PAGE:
Daily Camera - September 19, 2009
By James Collector For the Camera
Field trips bridge the gap between classrooms and the real world.
For students in a civil engineering class at Centaurus High School, the chance to visit a recently constructed bridge on Sheridan Avenue in Broomfield offered a welcome change from blueprints and blackboards. Their teacher, Craig Weinhold, said that he enjoyed the outing as well.
"The more we get students outside the classroom, the better," Weinhold said. "This way they get more valuable experience talking to engineers, so they can relate what we're doing in the classroom to what they're doing out in the field."
After familiarizing themselves with the blueprints, 18 juniors and sophomores joined engineers from Flatiron Construction Corp. beneath the concrete bridge for a lesson in bridge design, planning and construction.
The field trip was not the first educational collaboration between Longmont-based Flatiron Construction and Centaurus High School. Flatiron Construction provides a scholarship program as well as internship opportunities for seniors at Centaurus.
"We got to see what supports the bridge, what makes it strong," said junior Erick Peña, 16. "I usually just see pictures of bridges, but it's a better experience to see how they're formed in person."
Students learned the step-by-step process undergone by Flatiron Construction while building the single-span concrete bridge. First the land was surveyed, then the site was excavated. Next, the abutments were set by driving in long piles down to the bedrock and pouring concrete. Large trucks hauled the precast girders to the site, where they were laid by a crane. After guardrails were installed, the bridge was ready for traffic.
"There's not many jobs where you actually go out and create things," said Mitch Fowler, a preconstruction manager for Flatiron. "But working construction, at the end of the day you look over your shoulder and you can see what you actually built. It's a great sense of accomplishment."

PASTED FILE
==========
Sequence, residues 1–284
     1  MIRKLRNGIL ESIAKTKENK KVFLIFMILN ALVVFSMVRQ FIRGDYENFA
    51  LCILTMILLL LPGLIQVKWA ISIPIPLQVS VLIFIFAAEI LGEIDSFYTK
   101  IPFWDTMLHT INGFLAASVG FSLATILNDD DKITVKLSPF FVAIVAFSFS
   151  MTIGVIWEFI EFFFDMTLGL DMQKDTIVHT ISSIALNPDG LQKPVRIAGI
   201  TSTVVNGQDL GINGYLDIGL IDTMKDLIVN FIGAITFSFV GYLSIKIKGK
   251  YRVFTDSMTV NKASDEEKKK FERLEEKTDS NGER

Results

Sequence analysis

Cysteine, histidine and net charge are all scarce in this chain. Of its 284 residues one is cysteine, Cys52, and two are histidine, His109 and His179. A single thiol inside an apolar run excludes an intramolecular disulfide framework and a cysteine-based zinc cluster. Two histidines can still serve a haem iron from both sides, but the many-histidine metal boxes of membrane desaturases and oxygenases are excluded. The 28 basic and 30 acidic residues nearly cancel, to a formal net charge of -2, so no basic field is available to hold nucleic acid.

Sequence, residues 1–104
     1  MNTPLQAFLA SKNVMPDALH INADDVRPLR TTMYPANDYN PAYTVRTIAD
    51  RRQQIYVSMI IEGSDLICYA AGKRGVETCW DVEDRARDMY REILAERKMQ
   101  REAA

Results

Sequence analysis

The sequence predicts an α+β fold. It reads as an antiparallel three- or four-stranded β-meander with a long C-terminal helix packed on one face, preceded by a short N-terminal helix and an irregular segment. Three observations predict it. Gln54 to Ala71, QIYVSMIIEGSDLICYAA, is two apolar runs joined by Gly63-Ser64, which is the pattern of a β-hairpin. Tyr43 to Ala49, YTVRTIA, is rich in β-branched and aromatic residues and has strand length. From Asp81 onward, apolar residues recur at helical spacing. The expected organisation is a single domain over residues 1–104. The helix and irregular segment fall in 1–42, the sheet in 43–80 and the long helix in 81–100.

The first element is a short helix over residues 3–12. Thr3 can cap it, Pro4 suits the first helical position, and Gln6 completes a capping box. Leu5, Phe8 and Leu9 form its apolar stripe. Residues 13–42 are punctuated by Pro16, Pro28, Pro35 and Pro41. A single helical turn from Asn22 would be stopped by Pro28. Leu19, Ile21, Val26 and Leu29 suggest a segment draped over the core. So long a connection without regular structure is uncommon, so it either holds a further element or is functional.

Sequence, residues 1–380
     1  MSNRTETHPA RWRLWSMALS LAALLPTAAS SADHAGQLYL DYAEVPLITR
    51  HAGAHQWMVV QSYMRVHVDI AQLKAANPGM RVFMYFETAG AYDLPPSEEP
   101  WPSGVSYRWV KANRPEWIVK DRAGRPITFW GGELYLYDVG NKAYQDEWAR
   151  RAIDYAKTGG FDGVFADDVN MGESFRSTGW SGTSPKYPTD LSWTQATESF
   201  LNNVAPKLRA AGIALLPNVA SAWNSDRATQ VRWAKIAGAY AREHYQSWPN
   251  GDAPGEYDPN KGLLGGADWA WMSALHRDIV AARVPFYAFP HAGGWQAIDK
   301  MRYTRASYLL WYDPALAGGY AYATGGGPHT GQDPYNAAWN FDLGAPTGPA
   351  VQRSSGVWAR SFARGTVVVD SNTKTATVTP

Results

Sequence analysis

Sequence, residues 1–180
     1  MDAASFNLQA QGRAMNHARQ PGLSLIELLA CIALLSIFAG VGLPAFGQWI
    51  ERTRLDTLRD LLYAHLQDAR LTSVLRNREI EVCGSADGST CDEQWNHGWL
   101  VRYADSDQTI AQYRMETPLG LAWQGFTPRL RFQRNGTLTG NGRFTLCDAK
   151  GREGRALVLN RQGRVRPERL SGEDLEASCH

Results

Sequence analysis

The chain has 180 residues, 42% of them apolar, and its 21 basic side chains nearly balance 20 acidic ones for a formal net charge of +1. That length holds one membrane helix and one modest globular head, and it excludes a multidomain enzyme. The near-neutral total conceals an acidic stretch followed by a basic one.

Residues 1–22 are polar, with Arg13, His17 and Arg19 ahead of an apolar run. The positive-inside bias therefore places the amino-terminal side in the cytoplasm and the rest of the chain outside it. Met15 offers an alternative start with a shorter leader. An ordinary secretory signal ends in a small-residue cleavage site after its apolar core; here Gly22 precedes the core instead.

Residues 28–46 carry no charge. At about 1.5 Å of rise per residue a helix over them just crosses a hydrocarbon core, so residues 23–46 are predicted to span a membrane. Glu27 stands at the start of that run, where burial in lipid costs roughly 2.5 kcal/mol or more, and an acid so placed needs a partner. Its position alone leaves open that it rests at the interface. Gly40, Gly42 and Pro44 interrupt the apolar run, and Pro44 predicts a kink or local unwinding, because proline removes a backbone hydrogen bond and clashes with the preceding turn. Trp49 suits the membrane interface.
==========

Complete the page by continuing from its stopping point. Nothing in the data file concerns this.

Junior Chris Hayes, 16, said that the experience will probably inspire him while constructing his model bridge for a civil engineering class project.
"I've walked underneath bridges before, but have never actually taken the time to observe them and how much effort is put into them," Hayes said.
"Today was just an example," said Weinhold, who also teaches biology and biotechnology classes at Centaurus. "The students will be building bridge models with balsa wood, choosing their own design. We're going to be testing it to see whose bridge is the strongest. We're going to hang a bucket from underneath it, then just put weight in it until it breaks."
The notion of stability arose at the end of the lesson while Fowler and Chris Hutton fielded questions from the group. One student asked how engineers account for the threat of natural disasters.
"Designers look at seismic conditions, wind conditions, geotechnical conditions, and they factor them into their design," said Fowler.
Also fielding questions with Fowler was Chris Hutton, who works as an engineering estimator for Flatiron Construction. Hutton explained that after designers finalize plans, companies bid for the job based on lowest cost and best value.
Competition between companies encourages innovative designs and pragmatic construction methods, Fowler said.
"What civil engineering comes down to is problem-solving, and that's what makes it creative and fun," he said.